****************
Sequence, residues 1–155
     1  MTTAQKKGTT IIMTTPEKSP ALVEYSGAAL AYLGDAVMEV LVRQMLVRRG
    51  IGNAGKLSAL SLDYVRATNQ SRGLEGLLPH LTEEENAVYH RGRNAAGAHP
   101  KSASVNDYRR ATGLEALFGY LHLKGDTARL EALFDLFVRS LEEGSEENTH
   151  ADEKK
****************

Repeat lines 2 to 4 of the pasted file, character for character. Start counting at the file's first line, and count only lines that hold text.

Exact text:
     1  MTTAQKKGTT IIMTTPEKSP ALVEYSGAAL AYLGDAVMEV LVRQMLVRRG
    51  IGNAGKLSAL SLDYVRATNQ SRGLEGLLPH LTEEENAVYH RGRNAAGAHP
   101  KSASVNDYRR ATGLEALFGY LHLKGDTARL EALFDLFVRS LEEGSEENTH